Spring is in the air – from snowdrops blooming to blue skies and the days getting noticeably longer – but it appears the economic gloom is not lifting. The International Monetary Fund has warned that Britain is expected to be the only large industrialised country to face an economy shrinking by 0.6% this year. That would make the UK set to see the worst performance of all G7 economies.
Facing the headwinds of the post-lockdown economy and inflation of around 11% as well as higher energy bills, businesses are already taking action and mass job losses look inevitable.
Up to 18,000 jobs are set to go at Amazon, which is closing three UK warehouses, Google has cut 12,000 roles worldwide and Microsoft has axed 8% of its workforce.
While the stark reality of the UK economy means that some layoffs are unavoidable, there is a right way and a wrong way of handling redundancy.
One of the worst examples of how to treat employees was when staff at P&O Ferries were told by video message that 800 British crew were to lose their job and ‘Your final day of employment is today.’ P&O’s behaviour united workers, unions and politicians in outrage. They may have saved money but it was hugely damaging to the company’s reputation.
However, a year on and companies don’t seem to have learned the lesson. Amazon, for instance, did not announce its plans to cut 18,000 staff until its hand was forced by a leaked memo and Google’s parent Alphabet recently laid off 12,000 members of staff, first by a pre-dawn email and then by locking them out of the company’s systems and disabling security badges.
It may sound simple – but firing people via a cold email or a dispassionate Zoom call with hundreds of people is not just bad for internal motivation – it can cause long term damage to a company’s reputation. This is particularly the case for any business in the public eye as redundancy processes can make national news, significantly affecting a brand and reducing customer engagement and loyalty.
It is therefore important for a business to plan what it is going to tell internal and external stakeholders about why jobs are being cut and take proactive steps to mitigate the impact.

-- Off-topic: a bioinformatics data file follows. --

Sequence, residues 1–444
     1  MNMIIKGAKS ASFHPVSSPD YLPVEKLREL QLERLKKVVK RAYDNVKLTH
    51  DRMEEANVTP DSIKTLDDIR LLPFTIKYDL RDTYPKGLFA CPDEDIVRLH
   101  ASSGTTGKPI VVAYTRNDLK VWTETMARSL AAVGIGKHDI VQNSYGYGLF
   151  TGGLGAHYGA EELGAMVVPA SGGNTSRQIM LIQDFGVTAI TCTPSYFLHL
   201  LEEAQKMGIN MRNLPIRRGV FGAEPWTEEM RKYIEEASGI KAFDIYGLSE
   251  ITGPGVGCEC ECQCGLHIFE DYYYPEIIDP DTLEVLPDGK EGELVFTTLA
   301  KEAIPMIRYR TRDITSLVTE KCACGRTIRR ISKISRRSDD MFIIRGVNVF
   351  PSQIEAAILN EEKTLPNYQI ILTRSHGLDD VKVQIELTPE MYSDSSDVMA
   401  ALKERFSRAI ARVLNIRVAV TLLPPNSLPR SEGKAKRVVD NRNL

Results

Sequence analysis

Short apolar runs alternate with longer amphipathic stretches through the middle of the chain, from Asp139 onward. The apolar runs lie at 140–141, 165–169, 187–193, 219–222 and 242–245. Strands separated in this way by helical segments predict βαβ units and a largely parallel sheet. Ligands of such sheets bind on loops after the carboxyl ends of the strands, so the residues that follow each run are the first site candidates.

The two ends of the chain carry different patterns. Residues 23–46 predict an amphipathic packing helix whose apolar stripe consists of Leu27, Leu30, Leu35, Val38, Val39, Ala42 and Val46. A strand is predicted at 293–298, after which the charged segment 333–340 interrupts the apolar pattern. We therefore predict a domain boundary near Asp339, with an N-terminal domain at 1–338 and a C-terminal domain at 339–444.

Ironically though, at the very time when communication departments are most important, marketing and PR budgets are often slashed. While this response is perhaps understandable, every single organisation in the world relies on its reputation for success, so cutting PR during economic hardship is a false economy.
To ensure a sensitive and coherent approach to the redundancy process, communication teams should be at front and centre of any strategy, with detailed briefings for senior leaders on how to communicate with stakeholders.
For instance, while it did not change the reality of mass redundancies, Meta, which owns Facebook and Instagram, can be praised for how it communicated its difficult decision to cut 11,000 jobs after a sharp decline in revenue. CEO Mark Zuckerberg penned a lengthy email to all staff in which he apologised for the outcome, took accountability, and explained the decision-making process in detail. In doing so Meta was able to control the narrative and avoid unwanted information from being leaked to the press.
With a proper plan in place, communication can also be invaluable when answering many questions that might arise from remaining staff about the job cuts and how they affect them. Companies who understand the importance of good communication, even when delivering bad news, are therefore most likely to be able to handle any redundancies in a responsible way, ensuring staff feel supported. By having a clear plan, they can ensure that they communicate with staff, stakeholders and the in an open and honest way, limiting any long term reputational damage.